Entrepreneurs

Who Is Intellectual Property For? Inside The Movement To Democratize IP

Intellectual property is a tool for creative people to share their ingenuity with the world, and be compensated for it. Patents, trademarks, copyright, and trade secrets enable people to claim ownership over and invest in what they invent, make, and build. Intellectual property is relevant to each of us, because the only way to solve humanity’s pressing problems is by empowering people with ideas to step up to the plate.

Unfortunately, few people outside of the innovation ecosystem understand the value of intellectual property. Lack of intellectual property education is widespread among every type of educational institution. While the K-12 invention education movement has made admirable strides, not even elite business schools require their students to learn about intellectual property. People who are aware of what intellectual property is still express uncertainty about how it works.

Part of this problem stems from the disconnect between how intellectual property is defined legally and how it actually functions in the context of business. Unfortunately, much of the information you can find about patents online is dry, boring, and difficult to understand.

In reality, how intellectual property is used to transform ideas into products and services that benefit others is dynamic, complex, and fascinating. No two invention journeys are exactly the same. There is much to be gained by studying these stories, including commonalities and takeaways about how to become successful, which every innovator wants to know.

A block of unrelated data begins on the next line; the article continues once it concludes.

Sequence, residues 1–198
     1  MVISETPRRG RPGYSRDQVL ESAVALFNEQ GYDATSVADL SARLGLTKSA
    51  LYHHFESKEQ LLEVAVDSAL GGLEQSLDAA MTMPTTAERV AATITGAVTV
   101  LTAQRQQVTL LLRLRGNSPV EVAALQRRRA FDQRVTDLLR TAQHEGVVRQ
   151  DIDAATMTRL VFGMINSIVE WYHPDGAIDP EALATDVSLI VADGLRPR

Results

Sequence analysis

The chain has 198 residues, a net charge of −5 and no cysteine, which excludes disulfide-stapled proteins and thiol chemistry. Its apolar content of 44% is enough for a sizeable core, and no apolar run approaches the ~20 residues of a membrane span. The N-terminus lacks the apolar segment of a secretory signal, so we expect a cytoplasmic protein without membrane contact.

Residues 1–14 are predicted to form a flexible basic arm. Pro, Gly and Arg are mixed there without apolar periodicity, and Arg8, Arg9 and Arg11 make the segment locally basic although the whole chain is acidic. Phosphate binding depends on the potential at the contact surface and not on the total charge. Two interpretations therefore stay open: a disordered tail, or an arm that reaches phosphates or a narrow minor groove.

Recently, several organizations have risen to the challenge of demystifying intellectual property, situating it within an entrepreneurial context, and expanding our understanding of who is considered an innovator.

For example, the Michelson Institute for Intellectual Property — the non-profit founded by billionaire surgical inventor Dr. Gary K. Michelson and Alya Michelson — just released a new series of case studies embedding the use of intellectual property within the stories of real-world business ventures. (Full disclosure: I contributed one case study to the series.) Case studies like these are particularly effective because storytelling is such a powerful tool for teaching. Everyone loves stories — and people actually remember them.

Michelson IP has been creating and distributing free high-quality educational resources about IP for teachers and students for some time now. More than 20,000 people have taken its course on Udemy. The Intangible Advantage, a nearly 400-page text book executive-edited by former USPTO Director David Kappos, is available to be downloaded in numerous forms for free.

“All of the great companies today like Facebook, Amazon, and Uber were founded with intangible assets. If you’re building a business around an idea, you need to educate yourself about the intellectual property system, because that’s how you capture value,” explains Michelson.

Another leader in the effort to make the innovation ecosystem more democratic and inclusive is the non-profit Center for Intellectual Property Understanding. In the first season of his new podcast, “Understanding IP Matters,” CIPU founder Bruce Berman explored how intellectual property intersects with digital culture, art, and commerce. CIPU is also responsible for creating IPBasics, a website that uses examples of well-known products, brands, companies, and artists to explain what intellectual property is.